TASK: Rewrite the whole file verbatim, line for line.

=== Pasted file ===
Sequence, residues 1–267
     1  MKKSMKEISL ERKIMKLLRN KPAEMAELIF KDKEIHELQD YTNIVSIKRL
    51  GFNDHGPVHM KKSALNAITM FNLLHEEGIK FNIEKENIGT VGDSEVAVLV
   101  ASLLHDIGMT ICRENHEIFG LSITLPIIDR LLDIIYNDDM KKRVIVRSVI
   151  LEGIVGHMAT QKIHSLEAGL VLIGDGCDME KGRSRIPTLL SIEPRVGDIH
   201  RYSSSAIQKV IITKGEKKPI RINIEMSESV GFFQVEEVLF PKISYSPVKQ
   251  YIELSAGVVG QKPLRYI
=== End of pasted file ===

Sequence, residues 1–267
     1  MKKSMKEISL ERKIMKLLRN KPAEMAELIF KDKEIHELQD YTNIVSIKRL
    51  GFNDHGPVHM KKSALNAITM FNLLHEEGIK FNIEKENIGT VGDSEVAVLV
   101  ASLLHDIGMT ICRENHEIFG LSITLPIIDR LLDIIYNDDM KKRVIVRSVI
   151  LEGIVGHMAT QKIHSLEAGL VLIGDGCDME KGRSRIPTLL SIEPRVGDIH
   201  RYSSSAIQKV IITKGEKKPI RINIEMSESV GFFQVEEVLF PKISYSPVKQ
   251  YIELSAGVVG QKPLRYI